Paruresis is not a rare condition, and it affects nearly 20 million Americans alone. Unfortunately, the disorder can have an isolating effect, as most social anxieties do. Shy bladder syndrome can lead to unwarranted feelings of embarrassment and shame, which can then lead to fear and anxiety when out in public. These feelings aren’t only reserved for public settings, some sufferers experience discomfort in their own homes, around family.

Unfortunately, fear and anxiety, in combination, create feelings of disinterest in socializing. Also, because of the phobia associated with the disorder, people aren’t as open as they would be if they suffered from a physical condition. Without communication, too many people remain isolated, thinking that they are one among the few instead of the many.


4. How Is Shy Bladder Syndrome Diagnosed?

Diagnosis of paruresis will typically require a visit to a urologist. While you may be confident that your symptoms are psychological in nature, it is always beneficial to get examined and rule out physical ailments. The doctor will need to perform a variety of tests to make sure that your difficulty urinating is not caused by an infection or other medical issues.

If physical problems are ruled out, then the urologist will likely advise a psychological consult and a specialist in shy bladder syndrome. Again, there is nothing to be ashamed of. Paruresis is a common disorder that affects many people, men and women alike. Also, the condition is highly treatable, especially with a commitment to behavioral therapy.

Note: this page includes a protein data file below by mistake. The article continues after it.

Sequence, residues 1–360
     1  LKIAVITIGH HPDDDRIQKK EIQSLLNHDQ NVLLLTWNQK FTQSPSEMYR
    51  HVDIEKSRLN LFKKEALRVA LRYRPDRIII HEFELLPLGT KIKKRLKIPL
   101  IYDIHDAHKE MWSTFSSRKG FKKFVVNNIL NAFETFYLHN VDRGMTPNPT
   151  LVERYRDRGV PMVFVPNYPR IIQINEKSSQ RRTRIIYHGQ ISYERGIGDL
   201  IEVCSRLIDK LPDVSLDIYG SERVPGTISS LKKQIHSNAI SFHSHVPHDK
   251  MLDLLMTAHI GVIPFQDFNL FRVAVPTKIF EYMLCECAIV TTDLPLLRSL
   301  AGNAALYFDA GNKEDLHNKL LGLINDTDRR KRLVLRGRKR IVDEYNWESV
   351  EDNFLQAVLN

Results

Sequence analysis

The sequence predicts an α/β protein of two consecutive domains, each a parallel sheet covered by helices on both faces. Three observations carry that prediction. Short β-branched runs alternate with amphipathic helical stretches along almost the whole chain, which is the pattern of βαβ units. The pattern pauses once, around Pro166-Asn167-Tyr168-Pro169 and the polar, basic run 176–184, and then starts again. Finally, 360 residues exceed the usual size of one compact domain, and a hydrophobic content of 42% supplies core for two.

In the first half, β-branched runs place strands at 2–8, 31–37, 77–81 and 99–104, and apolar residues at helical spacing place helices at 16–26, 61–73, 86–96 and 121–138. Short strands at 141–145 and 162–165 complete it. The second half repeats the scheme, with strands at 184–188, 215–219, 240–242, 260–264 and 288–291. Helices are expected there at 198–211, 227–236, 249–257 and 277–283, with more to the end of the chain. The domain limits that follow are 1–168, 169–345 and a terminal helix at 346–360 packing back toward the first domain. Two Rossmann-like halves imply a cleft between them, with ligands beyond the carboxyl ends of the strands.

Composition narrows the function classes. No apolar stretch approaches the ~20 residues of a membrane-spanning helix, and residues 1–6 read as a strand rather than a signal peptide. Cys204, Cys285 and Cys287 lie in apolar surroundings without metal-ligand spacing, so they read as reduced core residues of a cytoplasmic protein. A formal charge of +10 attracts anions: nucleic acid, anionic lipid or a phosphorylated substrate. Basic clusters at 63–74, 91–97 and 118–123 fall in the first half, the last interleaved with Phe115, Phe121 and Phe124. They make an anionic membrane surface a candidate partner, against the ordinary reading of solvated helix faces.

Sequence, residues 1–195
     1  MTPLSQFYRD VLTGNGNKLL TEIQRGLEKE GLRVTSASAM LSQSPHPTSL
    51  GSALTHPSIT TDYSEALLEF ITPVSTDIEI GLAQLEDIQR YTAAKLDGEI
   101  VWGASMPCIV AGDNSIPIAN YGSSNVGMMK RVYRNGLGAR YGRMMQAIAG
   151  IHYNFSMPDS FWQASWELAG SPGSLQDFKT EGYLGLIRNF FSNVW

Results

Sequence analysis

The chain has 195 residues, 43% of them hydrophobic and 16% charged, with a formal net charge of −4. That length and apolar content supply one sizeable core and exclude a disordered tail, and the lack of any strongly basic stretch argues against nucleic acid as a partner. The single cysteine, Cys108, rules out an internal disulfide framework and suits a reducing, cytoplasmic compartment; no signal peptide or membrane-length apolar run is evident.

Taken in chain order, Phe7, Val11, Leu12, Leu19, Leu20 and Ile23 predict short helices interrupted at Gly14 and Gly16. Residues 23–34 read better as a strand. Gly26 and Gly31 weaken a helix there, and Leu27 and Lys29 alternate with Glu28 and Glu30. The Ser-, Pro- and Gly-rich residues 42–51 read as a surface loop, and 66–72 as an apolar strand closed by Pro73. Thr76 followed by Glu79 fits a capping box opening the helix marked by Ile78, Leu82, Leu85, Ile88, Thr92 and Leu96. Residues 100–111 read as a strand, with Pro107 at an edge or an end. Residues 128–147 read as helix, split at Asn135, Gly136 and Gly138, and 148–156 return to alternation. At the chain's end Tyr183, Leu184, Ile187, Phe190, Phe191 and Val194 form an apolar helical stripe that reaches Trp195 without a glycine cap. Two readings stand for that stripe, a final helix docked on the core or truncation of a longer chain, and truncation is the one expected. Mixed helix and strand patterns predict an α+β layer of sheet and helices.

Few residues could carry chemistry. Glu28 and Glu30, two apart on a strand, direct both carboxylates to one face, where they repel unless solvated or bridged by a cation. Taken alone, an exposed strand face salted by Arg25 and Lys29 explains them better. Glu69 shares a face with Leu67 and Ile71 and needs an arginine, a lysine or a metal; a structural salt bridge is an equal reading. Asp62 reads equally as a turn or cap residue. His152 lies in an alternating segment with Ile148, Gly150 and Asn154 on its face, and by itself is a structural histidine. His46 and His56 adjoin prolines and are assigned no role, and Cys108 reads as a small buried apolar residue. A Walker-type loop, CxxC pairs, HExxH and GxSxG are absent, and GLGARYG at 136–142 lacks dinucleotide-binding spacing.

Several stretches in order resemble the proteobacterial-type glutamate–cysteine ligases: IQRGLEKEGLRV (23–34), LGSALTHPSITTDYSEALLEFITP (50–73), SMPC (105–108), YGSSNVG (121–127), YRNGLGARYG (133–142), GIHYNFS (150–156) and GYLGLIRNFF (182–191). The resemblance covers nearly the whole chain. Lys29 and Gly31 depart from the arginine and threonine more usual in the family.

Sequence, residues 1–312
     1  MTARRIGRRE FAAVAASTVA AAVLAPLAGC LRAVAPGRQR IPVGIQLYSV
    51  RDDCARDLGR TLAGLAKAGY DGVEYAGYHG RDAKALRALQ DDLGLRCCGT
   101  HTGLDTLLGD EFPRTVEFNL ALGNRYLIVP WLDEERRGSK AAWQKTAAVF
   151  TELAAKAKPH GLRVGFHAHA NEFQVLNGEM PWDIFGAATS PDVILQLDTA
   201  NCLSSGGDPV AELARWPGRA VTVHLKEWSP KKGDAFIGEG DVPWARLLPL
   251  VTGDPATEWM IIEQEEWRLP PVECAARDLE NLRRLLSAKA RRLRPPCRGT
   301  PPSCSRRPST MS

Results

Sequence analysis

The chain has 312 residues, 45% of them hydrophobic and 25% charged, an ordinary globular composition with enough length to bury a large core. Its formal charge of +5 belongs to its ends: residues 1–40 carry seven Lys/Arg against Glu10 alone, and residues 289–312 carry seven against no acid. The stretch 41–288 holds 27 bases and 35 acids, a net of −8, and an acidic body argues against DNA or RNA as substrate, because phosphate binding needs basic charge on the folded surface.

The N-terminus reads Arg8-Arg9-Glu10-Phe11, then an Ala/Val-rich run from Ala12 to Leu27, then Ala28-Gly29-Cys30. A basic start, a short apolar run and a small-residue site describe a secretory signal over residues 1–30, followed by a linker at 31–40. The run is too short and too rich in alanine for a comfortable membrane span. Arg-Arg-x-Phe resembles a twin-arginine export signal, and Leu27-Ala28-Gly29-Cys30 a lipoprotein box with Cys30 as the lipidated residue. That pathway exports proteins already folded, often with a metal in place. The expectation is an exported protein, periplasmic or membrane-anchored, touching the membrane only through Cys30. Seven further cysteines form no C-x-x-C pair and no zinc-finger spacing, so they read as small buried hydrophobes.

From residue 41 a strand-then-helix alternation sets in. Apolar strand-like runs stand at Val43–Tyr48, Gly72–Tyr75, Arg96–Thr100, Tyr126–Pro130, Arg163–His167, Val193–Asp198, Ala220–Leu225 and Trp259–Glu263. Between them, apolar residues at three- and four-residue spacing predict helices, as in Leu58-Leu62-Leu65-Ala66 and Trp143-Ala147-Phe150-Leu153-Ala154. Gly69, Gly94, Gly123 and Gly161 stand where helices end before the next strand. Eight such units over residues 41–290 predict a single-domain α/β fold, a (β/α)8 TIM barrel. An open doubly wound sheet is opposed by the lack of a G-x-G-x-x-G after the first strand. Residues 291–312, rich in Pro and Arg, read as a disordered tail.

5. How Is Behavioral Therapy Helpful?

Cognitive-behavioral therapy is beneficial to the treatment of paruresis because it is, at its core, a psychological condition. However, that doesn’t mean that medications aren’t used as well. The most effective treatment of shy bladder syndrome is a combination of mental and medical health therapies.

In terms of behavioral therapy, a patient will ideally sit down with a therapist and together discover the underlying psychological trauma. Also, some portion of treatment might involve exposure therapy. However, if exposure treatment is used, it will be a graduated process, and only performed with the patient’s consent.

For psychological conditions, including anxiety disorder, talk therapy is often useful. In less severe cases of paruresis, therapy may be all that is needed, but if not, there are medications and treatments that can help.


6. What Medications Are Typically Prescribed?

As a psychological condition, doctors tend to be slightly reserved when prescribing medications because they aren’t always effective. The medicines prescribed are likely used to treat the underlying anxiety disorder or the bladder. Four categories of drugs are typically used in the treatment of paruresis: antidepressants, benzodiazepines, alpha-adrenergic blockers and bethanechol.

Antidepressants are used to help improve mood and reduce uneasy feelings, and typically include drugs such as Prozac, Paxil and Zoloft. Benzodiazepines are short-term medications to reduce anxiety. They aren’t often prescribed long term because they can be addictive. This category is represented by drugs such as Xanax and Valium. Alpha-adrenergic blockers are designed to help the muscles of the bladder relax. A common drug in this category is Flomax. Lastly, bethanechol is more of a singular medicine, and it is used to reduce urinary retention.